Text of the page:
Photo of Braddell Flyover from Straits Times Lim Yao Hui

Singapore’s Land Transport Authority (LTA) failed to complete the Braddell Road flyover project on time for the 4th time and is now looking at a new deadline of June 2017, some 2 years late of the first deadline in 2015. The real problem behind the failure to meet project deadlines is however LTA’s policy of awarding contract to the lowest bidder.

The Braddell flyover is now undertaken by the second contractor, Feng Ming Construction (FMC), after the first contractor, Hexagroup, went bankrupt. According to LTA, FMC was one of the three bidders for the continuation contract but they were awarded because their S$29.9 million tender submission was the lowest:

“FMC was one of three bidders that met the requirements and was awarded the tender as it submitted the most cost-effective bid at $29.9 million.”

However, a search on the company records found that FMC is related to the first contractor, Hexagroup. The director FMC Lim Hong Beng had co-owned a company, Lim Hong Beng Construction, with Hexagroup director Lim Hong Lam in 1984. Also, the second Hexagroup director, Mr Lim Hong Leong, had served as director of FMC from 1997 to 2006. When interviewed by state media Straits Times if they were relatives, because of their similar names, Lim Hong Beng neither confirmed nor denied the relationship:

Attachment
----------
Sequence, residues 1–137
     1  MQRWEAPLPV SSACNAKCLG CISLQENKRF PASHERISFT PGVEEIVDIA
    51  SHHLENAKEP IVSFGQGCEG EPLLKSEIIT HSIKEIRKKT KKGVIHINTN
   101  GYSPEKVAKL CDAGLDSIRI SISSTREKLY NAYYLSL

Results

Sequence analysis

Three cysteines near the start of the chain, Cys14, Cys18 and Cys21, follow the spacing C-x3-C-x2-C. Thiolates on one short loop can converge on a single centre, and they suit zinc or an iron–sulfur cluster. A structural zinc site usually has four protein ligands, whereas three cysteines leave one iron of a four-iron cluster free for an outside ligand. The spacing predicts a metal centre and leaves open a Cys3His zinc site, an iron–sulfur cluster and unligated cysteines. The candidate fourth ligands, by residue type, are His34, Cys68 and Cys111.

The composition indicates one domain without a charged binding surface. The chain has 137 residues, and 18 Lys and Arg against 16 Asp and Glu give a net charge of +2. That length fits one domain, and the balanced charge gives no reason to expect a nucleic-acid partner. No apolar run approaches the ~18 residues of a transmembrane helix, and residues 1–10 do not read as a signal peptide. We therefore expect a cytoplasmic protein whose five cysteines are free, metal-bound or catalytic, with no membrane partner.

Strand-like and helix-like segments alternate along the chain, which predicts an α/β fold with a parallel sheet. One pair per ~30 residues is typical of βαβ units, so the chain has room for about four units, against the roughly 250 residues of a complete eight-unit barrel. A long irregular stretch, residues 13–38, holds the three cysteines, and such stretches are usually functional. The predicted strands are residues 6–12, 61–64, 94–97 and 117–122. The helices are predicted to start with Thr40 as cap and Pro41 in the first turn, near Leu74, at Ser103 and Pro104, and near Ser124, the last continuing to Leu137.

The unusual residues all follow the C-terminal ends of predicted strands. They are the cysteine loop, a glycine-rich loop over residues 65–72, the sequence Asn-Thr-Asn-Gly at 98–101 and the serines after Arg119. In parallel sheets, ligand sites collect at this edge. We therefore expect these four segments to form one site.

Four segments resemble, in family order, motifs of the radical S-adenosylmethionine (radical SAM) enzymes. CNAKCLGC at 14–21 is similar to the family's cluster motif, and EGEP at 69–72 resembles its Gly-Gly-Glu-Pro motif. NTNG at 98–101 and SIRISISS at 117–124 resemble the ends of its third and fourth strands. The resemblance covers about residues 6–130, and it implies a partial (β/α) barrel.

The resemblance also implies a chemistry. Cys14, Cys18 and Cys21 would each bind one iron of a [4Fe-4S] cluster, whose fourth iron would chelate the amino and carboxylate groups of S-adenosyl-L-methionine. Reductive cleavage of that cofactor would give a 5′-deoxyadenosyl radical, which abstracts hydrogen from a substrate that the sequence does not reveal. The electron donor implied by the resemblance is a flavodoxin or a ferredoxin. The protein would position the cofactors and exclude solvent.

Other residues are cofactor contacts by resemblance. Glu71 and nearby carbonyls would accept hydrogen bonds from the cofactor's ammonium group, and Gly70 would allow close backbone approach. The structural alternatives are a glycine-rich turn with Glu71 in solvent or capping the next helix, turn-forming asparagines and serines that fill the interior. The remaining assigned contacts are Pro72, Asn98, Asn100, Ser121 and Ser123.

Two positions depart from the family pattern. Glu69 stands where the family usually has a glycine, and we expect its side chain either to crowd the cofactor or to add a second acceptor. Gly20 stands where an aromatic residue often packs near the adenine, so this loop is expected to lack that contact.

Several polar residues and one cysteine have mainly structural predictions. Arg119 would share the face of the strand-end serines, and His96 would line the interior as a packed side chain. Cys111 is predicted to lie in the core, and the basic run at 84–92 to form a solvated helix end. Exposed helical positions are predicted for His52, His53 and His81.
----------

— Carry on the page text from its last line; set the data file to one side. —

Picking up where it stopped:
“In this industry, a lot of local companies are linked by family ties, but this should not matter as they are completely different entities.”

When LTA was questioned if they were aware of the relationship, LTA defended itself saying the two companies were unrelated at the time of the tender bid:

“Based on records by the Accounting and Corporate Regulatory Authority, Hexagroup and FMC were separate commercial entities with no common directors and shareholders when FMC submitted its tender bid in March 2015.”

State media Straits Times helped defended the government by quoting a lawyer saying cronyism is allowed in government tenders:

“There are no government procurement rules against re-awarding incomplete tenders to firms with family ties.”